US Officials Open To Meeting With Muslim Brotherhood Leaders, Just Not This Time Around

Although American officials have said they will not meet with a Muslim Brotherhood delegation during their trip to the United States, the White House expressed the possibility that there could be future relations with the jihadist entity.

“We engage with representatives from across the political spectrum, and this is a group we’ve also met with in the recent past,” commented State Department spokesman Jeffrey Rathke. “But you know, we don’t have any further reasoning than we simply aren’t meeting with them this time,” he added.

An unnamed State Department official expanded upon the remarks. “It is the prerogative of the [State] Department to prioritize its engagements and a meeting won’t be helpful at this time,” the AFP reported the unnamed official as saying.

On Monday, the Egyptian government summoned U.S. Ambassador to Egypt, Stephen Beecroft, to make their frustrations known about the Obama administration’s openness to the Brotherhood, which has been designated as a terrorist organization in many countries.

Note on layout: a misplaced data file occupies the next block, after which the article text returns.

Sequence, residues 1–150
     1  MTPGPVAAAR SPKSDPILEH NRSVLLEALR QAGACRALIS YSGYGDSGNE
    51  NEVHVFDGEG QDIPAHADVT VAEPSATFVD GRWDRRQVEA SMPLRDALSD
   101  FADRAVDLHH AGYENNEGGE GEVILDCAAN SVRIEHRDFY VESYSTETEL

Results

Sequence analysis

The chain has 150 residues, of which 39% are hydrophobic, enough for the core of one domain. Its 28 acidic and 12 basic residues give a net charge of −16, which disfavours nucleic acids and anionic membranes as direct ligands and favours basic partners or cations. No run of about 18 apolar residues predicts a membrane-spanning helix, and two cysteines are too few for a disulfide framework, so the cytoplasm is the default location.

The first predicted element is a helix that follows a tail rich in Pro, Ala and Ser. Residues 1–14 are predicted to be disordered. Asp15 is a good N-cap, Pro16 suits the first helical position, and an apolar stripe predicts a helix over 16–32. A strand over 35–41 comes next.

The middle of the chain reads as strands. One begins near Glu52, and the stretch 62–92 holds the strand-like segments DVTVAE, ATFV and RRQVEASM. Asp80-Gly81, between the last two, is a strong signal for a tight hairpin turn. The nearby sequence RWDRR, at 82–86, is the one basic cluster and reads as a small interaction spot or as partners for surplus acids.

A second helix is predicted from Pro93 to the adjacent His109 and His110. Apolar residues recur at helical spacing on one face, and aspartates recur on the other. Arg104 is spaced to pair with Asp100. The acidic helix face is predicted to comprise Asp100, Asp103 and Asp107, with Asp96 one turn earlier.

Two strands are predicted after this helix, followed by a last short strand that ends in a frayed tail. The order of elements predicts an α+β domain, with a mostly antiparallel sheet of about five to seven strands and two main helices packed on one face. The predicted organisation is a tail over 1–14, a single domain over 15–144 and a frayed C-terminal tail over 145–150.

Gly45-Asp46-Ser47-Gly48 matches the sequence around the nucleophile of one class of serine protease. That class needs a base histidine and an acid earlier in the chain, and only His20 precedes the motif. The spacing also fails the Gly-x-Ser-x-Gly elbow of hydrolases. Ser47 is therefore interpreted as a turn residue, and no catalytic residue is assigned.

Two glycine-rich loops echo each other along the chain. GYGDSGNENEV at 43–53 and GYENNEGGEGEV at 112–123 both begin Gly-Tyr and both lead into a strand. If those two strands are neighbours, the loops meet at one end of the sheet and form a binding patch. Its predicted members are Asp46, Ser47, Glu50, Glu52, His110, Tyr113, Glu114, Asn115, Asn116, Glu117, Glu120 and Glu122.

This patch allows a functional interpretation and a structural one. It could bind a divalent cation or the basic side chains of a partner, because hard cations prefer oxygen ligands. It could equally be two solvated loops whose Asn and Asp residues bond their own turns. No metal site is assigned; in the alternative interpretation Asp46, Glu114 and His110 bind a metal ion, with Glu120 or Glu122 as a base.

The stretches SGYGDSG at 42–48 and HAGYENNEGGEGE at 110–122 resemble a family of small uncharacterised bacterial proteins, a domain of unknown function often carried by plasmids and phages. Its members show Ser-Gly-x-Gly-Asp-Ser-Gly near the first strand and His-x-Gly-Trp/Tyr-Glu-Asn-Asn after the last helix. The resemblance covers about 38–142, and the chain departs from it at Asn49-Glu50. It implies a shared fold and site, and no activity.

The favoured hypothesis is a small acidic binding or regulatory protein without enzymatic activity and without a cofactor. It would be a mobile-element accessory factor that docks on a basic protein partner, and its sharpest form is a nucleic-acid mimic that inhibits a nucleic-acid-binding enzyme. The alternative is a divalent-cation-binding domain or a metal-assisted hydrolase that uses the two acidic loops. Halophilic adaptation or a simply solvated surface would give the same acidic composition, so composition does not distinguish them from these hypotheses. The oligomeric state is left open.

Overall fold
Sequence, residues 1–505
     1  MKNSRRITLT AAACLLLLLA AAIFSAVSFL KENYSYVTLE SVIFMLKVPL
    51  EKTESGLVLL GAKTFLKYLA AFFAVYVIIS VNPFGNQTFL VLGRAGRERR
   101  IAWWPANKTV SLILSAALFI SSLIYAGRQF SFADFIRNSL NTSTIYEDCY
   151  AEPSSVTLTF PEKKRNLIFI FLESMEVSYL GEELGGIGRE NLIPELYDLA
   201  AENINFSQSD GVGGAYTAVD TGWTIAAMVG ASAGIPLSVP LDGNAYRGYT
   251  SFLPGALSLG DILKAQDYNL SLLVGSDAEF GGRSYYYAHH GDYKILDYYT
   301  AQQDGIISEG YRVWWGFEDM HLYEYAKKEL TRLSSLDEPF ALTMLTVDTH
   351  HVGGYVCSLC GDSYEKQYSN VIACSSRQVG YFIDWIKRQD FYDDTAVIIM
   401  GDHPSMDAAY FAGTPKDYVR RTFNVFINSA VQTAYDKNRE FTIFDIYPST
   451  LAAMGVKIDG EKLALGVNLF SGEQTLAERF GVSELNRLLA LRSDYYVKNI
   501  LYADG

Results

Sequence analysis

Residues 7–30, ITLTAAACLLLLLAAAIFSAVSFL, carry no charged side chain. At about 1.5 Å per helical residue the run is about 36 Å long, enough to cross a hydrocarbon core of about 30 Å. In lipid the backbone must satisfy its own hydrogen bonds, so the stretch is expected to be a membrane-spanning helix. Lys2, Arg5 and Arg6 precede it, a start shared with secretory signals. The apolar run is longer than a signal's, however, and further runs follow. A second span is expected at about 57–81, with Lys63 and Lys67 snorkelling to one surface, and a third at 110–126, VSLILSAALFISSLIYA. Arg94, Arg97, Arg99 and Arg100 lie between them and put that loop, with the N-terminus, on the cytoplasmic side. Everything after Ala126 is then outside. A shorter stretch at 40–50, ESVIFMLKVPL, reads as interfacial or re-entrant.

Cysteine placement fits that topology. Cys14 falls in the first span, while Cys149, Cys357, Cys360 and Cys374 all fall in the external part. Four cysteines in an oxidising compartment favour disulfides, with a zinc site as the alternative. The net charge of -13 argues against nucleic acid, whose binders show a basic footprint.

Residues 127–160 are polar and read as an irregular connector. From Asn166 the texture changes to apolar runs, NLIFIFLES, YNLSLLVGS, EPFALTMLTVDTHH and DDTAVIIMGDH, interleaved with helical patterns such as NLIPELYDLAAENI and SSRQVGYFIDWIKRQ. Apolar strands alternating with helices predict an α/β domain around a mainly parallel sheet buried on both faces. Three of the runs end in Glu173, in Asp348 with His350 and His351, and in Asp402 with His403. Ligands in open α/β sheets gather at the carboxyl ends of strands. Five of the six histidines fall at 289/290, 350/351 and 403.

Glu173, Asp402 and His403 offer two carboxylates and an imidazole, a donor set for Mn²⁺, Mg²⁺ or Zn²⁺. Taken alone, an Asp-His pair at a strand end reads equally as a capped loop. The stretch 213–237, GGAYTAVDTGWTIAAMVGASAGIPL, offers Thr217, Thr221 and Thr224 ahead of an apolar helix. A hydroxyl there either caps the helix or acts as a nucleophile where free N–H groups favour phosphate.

In January, high-ranking State Department officials met with members of the global jihadist organization. The group was banned in Egypt in 2013 following the tumultuous reign of former President Mohamed Morsi. 

The current Brotherhood delegation reportedly includes former high-ranking advisers to former President Morsi, including Wael Haddara, a prominent foreign affairs adviser; Maha Azzam, the leader of the Egyptian Revolutionary Council; and Amro Derag, secretary-general of the banned Brotherhood party. 

The Muslim Brotherhood delegation is being sponsored by the Washington, D.C.-based Center For The Study of Islam and Democracy (CSID), a group that was founded by members of a now-defunct radical Muslim advocacy group. Middle East scholar Daniel Pipes has described CSID as a part of “the militant Islamist lobby.”

Egyptian President Abdel Fattah El Sisi considers the Muslim Brotherhood to be the most dangerous threat to his country’s sovereignty, according to recent remarks. The Islamist outfit has been accused by an Egyptian court of working with jihadist networks and selling state secrets to foreign countries.


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